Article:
Cover of Pershyi vinok: zhinochyi al’manakh

Cover of Pershyi vinok: zhinochyi al’manakh (New York, 1984). X.958/33534

The First Wreath

Born in 1871 into a family of intellectuals, Ukrainka’s upbringing profoundly shaped her socio-political outlook and literary career. Her mother, Olha Kosach (better known by her pseudonym, Olena Pchilka), was a writer, ethnographer, activist and central figure in Ukrainian literary life. Unusually for the time, she educated her children exclusively in Ukrainian, laying the foundations for Ukrainka’s love and command of the language. It was Pchilka who encouraged her daughter to write, inventing Ukrainka’s pen name, ‘Lesia (a diminutive of Larysa) of Ukraine’, when she sent her first poems for publication as a young teenager.

Pchilka was also active in the Ukrainian women’s movement, which emerged in the late 19th century. Together with Nataliia Kobrynska, she edited and published the first Ukrainian feminist almanac, Pershyi vinok (‘The First Wreath’) in 1887. The teenage Ukrainka was among its contributors with her poem ‘Rusalka’ and other verses. Published by the Ukrainian Women’s League of America in 1984, almost a century later, this second, expanded edition includes an introduction and biographical notes by Larissa M. L. Z. Onyshevych.

Cover of Starodavnia istoriia skhidnykh narodiv

Cover of Lesia Ukrainka, Starodavnia istoriia skhidnykh narodiv (Luts’k, 2008). YF.2013.a.13005

The Ancient History of Eastern Peoples

The Ancient History of Eastern Peoples is a textbook Ukrainka wrote in 1890–91 at the age of 19 to help with the education of her younger sister, Olha Kosach-Kryvyniuk. In popular introductions to the author’s life and work, this prodigious textbook is routinely mentioned among the top ten quirky facts. Olha Kosach-Kryvyniuk published it in 1918, and a facsimile edition was produced 90 years later. What is most surprising about this volume is the sheer distances Ukrainka travelled in her research, both time- and geography-wise. The 252 pages of her History delve into the beliefs and literatures of ancient India, Media, Persia, Egypt, Assyria, Babylon, Phoenicia, and Israel. The book also includes Ukrainka’s poetic translations of sacred hymns from Rig Veda, one of the earliest and most important texts in the Hindu tradition.

Working on her study in a remote Ukrainian village, Ukrainka relied on the correspondence with her uncle, a revered Ukrainian historian and political thinker in exile Mykhailo Drahomanov, as well as works by French orientalist scholars Louis Ménard (Histoire des Anciens Peuples de l'Orient, 1883 (9055.bbb.5.)) and Gaston Maspero (Histoire ancienne des peuples de l’Orient, 1875 (9055.a.34.)). Ukrainka remained fascinated with ancient spiritual beliefs and practices throughout her life.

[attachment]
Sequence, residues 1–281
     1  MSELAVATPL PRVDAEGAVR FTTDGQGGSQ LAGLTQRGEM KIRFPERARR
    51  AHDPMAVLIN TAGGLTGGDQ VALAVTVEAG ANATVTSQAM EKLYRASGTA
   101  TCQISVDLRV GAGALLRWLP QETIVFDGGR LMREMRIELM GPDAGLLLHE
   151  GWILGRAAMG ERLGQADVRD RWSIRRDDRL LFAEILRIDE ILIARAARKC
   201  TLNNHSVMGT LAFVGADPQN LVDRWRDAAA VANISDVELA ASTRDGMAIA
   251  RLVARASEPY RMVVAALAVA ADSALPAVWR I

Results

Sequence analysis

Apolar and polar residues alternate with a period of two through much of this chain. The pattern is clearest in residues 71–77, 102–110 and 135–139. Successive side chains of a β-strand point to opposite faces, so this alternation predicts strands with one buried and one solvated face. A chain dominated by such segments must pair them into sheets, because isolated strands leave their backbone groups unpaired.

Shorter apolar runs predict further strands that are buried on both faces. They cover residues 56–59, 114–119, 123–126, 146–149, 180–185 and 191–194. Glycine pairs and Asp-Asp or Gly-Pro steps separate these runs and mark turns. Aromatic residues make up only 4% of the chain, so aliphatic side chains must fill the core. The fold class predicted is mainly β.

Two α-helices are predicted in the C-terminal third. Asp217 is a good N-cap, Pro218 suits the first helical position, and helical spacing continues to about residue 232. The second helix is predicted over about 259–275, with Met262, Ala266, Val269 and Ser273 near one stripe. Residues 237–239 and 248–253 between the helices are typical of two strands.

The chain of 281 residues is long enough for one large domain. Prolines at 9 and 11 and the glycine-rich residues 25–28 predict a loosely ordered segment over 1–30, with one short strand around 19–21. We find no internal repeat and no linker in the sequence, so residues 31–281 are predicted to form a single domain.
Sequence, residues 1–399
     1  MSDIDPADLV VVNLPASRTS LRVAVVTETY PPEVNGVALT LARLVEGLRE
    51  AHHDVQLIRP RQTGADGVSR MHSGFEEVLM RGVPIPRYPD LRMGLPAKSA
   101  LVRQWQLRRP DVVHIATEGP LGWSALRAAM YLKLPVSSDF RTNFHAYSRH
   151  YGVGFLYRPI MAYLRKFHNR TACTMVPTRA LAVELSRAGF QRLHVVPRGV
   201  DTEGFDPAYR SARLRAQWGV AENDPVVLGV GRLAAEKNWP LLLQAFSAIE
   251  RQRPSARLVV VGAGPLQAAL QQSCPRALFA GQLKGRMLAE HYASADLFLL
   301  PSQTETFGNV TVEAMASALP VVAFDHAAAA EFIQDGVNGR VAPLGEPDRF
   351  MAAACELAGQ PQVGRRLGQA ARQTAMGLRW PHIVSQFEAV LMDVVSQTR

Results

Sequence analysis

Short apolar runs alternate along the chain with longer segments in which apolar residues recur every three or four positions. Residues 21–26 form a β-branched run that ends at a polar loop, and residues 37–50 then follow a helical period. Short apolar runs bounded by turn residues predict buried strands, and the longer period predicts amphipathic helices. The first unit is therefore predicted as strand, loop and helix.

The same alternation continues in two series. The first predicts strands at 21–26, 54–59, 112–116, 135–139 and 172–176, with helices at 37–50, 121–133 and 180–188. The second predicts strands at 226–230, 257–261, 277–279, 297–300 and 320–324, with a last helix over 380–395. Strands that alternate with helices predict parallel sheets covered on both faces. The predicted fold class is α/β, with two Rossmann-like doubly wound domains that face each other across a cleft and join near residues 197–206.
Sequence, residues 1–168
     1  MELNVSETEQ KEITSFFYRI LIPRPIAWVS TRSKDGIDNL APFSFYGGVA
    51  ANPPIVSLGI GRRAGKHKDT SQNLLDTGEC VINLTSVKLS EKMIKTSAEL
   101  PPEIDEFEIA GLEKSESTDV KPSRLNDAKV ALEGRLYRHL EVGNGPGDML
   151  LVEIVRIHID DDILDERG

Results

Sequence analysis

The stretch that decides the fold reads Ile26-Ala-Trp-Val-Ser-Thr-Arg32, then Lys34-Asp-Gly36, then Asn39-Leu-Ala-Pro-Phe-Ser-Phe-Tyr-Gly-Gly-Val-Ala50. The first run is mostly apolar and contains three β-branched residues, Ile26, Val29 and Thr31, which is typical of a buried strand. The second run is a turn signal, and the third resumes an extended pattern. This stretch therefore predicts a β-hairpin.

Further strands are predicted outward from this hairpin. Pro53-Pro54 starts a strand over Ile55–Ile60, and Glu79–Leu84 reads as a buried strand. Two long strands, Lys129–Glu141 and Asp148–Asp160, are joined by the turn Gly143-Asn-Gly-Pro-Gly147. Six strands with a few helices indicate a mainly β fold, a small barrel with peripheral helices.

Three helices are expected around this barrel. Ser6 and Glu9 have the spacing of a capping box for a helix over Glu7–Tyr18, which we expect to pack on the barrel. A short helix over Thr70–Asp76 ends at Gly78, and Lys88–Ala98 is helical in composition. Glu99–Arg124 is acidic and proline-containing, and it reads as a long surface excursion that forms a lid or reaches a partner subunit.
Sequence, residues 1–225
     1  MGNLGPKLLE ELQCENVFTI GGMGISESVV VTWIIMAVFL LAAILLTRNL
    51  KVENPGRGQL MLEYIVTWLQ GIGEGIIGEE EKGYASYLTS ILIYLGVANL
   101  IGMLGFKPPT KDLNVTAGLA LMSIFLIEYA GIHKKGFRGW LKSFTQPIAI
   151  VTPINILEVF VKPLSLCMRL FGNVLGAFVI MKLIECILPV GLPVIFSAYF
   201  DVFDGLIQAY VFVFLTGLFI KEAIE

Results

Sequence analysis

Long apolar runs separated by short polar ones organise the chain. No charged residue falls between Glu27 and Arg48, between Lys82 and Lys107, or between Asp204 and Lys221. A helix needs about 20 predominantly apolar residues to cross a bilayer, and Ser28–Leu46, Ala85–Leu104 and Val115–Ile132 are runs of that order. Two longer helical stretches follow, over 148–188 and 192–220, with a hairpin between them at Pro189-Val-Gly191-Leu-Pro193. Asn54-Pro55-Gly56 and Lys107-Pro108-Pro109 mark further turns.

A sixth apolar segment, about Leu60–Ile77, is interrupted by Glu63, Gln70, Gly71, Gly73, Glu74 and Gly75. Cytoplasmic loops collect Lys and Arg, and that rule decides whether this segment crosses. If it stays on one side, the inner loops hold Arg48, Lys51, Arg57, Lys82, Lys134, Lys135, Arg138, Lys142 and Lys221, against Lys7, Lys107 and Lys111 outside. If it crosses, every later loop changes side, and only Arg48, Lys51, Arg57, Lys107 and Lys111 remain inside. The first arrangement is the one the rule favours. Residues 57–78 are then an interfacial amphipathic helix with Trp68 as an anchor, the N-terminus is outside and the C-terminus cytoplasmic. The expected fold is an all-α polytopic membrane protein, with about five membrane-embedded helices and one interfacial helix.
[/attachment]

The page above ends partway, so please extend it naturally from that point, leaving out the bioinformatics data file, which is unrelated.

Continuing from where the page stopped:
Cover of ‘Die Weber’ H. Haĭne v perekladi Lesi Ukraïnky

Petro Odarchenko, ‘Die Weber’ H. Haine v perekladi Lesi Ukrainky, Slavistica, no. 77. 2nd ed. (Washington, 1976/77). Ac.9890.a[77]

Translation of Heinrich Heine’s ‘Die Weber’ 

An accomplished polyglot (by all accounts she knew nine languages in addition to her native Ukrainian), Ukrainka translated a number of works from English, German, French and Greek. This booklet includes a copy of her translation of Heinrich Heine’s political poem ‘Die schlesischen Weber’ (‘The Silesian Weavers’ or ‘Weaver-song’), which he wrote in response to the attempted uprising in 1844 by Silesian weavers against exploitation and falling wages. 

Ukrainka’s unpublished translation was identified by the writer and critic Petro Odarchenko in the literary museum of the Drahomanov family. It first appeared in print alongside Odarchenko’s commentary in 1927 and was published in a second edition as part of the Slavistica booklet series.

Cover of Poezii: vybrani tvory

Lesia Ukrainka, Poezii: vybrani tvory (Regensburg, 1946). 11588.a.59.

Cover of Ternovyi vinets: zbirka poezii 

Lesia Ukrainka, Ternovyi vinets: zbirka poezii ([Germany], 1946). Awaiting shelfmark

Displaced Persons Camp poetry editions 

Petro Odarchenko also wrote the introduction to a small volume of Ukrainka’s works published in the Regensburg Displaced Persons (DP) Camp in 1946, the 75th anniversary of her birth. Like thousands of Ukrainians who were displaced at the end of the Second World War, Odarchenko lived in the Augsburg DP camp before moving to the USA with his family in 1950. Ukrainka’s younger sister, Olha Kosach-Kryvyniuk, also spent time in the same camp, where she died in November 1945.

Permitted by authority of the US Military Government in the American Allied Occupation Zone, the British Library copy also contains the stamp of the London-based Central Ukrainian Relief Bureau, which is believed to have donated the book to the Library in 1948. It is one of two rare DP camp editions of Ukrainka’s poetry published in her anniversary year and held by the British Library. The other, a collection of 25 poems entitled Ternovyi vinets (‘Crown of Thorns’), was reproduced from typescript and illustrated by Edvard Kozak.

Postcard from Lesia Ukrainka to her sister Olha

Postcard from Lesia Ukrainka to her sister, Olha. In Lesia Ukrainka, Lysty (1876-1897), compiled by Valentyna Prokip (Savchuk), (Kyiv, 2016), p. 22. YF.2017.a.2022

Letters